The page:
Let's take a walk down memory lane to this past September, when the #LevelUpChallenge was in full-blown viral mode. Literally thousands of videos of people dancing to Ciara's song "Level Up" flooded the Internet, but only one truly broke it: an amazing clip of the Wilson Central High School Dance Team—and their Assistant Principal, Ranesa Shipman. Never one to miss out on a viral dance challenge, Ellen DeGeneres decided to have Shipman and the team perform on "The Ellen Show"—and the fun didn't stop there.
You and your phone have more in common than you might guess, says Dr. Rafael Pelayo, pediatrician and clinical professor at the Stanford Center for Sleep Sciences and Medicine. "If you charge your phone halfway, it works for a few hours," he explains. "But it's not performing at its full potential, and you have to be careful about how you use that energy."
It'd be nice to just plug into the wall for nine hours until you hit 100 percent battery, but for (human) dancers, it's not that simple. So DS asked Dr. Pelayo and Dr. Argelinda Baroni, co-director of the Child and Adolescent Sleep Program in the department of child and adolescent psychiatry at NYU Langone Health, how to maximize your own battery life—ensuring you'll dance better and more safely in the process.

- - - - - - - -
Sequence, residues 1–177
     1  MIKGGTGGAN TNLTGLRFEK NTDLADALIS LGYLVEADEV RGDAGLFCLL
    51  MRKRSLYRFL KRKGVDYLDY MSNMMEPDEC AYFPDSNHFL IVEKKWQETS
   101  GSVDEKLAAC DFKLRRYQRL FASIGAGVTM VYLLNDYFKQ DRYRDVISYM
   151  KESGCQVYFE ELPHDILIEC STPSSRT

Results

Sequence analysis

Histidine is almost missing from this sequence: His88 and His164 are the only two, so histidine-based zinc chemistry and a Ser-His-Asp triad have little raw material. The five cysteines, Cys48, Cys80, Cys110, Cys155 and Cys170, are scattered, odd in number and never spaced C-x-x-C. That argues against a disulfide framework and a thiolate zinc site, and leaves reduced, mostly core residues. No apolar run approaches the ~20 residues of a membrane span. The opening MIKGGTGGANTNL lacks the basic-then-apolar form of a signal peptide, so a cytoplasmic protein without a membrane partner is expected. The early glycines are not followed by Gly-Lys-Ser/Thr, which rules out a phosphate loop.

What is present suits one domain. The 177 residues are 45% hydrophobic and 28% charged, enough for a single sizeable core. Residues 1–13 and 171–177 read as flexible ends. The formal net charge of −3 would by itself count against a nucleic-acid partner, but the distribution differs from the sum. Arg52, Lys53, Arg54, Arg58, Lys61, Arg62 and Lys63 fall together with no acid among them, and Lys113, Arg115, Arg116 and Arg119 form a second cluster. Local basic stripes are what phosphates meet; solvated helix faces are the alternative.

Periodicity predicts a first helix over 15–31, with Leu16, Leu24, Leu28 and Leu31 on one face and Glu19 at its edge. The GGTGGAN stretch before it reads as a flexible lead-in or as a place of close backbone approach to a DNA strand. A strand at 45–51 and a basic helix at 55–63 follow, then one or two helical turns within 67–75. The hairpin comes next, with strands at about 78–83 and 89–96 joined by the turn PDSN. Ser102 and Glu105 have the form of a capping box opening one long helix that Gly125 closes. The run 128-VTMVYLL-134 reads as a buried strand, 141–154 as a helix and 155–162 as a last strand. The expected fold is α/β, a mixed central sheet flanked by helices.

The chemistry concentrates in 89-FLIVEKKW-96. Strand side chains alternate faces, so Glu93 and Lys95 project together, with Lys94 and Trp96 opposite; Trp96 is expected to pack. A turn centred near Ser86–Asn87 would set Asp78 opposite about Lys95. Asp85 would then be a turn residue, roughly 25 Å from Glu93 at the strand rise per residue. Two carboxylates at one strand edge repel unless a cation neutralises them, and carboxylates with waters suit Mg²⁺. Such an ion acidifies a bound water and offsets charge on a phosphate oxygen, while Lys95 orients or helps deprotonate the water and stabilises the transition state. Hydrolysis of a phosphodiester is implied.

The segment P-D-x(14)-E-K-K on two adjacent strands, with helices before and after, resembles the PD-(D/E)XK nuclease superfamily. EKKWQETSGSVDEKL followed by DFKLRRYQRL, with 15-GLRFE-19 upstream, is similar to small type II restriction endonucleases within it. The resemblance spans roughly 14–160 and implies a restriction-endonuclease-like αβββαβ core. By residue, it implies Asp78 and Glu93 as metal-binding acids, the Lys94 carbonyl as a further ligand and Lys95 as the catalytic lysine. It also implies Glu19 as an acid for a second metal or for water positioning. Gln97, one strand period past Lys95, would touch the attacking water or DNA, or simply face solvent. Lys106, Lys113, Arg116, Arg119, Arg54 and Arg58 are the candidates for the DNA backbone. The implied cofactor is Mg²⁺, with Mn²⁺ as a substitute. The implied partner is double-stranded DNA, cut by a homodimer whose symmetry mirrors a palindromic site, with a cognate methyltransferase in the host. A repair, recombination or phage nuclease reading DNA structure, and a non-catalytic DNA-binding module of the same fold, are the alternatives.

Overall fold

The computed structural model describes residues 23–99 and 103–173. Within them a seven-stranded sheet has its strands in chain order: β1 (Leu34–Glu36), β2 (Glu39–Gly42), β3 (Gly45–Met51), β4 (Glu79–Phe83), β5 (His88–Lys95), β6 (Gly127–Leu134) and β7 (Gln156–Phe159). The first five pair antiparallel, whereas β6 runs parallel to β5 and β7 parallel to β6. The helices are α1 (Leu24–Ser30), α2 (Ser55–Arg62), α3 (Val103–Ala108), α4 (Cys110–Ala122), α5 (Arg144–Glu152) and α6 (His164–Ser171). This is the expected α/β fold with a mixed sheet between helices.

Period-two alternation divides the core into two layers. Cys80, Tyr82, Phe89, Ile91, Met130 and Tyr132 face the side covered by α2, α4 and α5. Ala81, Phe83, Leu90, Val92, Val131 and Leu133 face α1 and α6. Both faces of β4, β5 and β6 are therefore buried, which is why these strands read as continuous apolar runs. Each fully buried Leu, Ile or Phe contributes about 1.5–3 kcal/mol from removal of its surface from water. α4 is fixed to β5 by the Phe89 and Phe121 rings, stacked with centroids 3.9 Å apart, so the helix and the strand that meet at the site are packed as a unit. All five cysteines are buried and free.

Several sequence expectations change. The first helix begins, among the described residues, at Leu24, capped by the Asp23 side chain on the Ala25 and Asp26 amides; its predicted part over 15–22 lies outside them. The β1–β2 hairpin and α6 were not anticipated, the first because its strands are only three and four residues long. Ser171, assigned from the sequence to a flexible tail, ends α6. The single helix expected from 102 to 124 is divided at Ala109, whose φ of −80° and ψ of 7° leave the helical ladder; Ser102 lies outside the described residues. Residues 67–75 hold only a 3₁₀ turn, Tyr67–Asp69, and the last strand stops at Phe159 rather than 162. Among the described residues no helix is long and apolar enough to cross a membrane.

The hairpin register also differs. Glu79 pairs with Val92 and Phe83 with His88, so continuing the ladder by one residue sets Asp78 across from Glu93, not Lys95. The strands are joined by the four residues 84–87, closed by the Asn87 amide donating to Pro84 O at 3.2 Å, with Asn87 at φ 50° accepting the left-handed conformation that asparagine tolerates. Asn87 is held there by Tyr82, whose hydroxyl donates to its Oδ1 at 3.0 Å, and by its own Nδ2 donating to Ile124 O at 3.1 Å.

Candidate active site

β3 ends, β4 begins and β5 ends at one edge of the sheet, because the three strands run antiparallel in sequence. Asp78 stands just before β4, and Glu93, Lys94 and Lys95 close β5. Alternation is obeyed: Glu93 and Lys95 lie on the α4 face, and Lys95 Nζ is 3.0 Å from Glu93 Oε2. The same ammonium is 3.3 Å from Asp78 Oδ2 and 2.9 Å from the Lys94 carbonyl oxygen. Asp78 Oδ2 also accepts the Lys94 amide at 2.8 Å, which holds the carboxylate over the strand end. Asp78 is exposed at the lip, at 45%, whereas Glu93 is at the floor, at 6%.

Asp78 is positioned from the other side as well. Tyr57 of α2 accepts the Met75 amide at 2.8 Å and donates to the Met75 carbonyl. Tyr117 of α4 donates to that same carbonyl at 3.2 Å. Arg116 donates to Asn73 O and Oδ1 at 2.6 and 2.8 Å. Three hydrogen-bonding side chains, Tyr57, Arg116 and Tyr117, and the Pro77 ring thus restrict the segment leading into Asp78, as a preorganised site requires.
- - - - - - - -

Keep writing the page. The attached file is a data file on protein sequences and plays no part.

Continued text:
Two dancers from different studios on opposite ends of the country meeting at a dance competition may sound like the formula for a cheesy teen-rivalry movie. But it's actually real life for lots of dancers on the comp circuit. Meet four sets of adorable BFFs who found winning friendships at a competition.
We still can't get over the talent on "Dancing with the Stars: Juniors"—like how many YouTube tutorials do we have to watch to become half as good as these mini dancing machines? And just in case you forgot how skilled these prodigies are, this week's theme was sure to remind you: Last night, the ten couples performed to songs that came out the year they were born. (But let's be real, most of these songs aren't really that much of a throwback.)
It's safe to say that the bond between dancing siblings is one of the strongest out there. But for sisters Emma, 16, and Ava Blaser, 10, that bond runs deeper than most can even fathom: The pair continued to dance together throughout Ava's treatment for kidney cancer remission, and they say it helped them heal.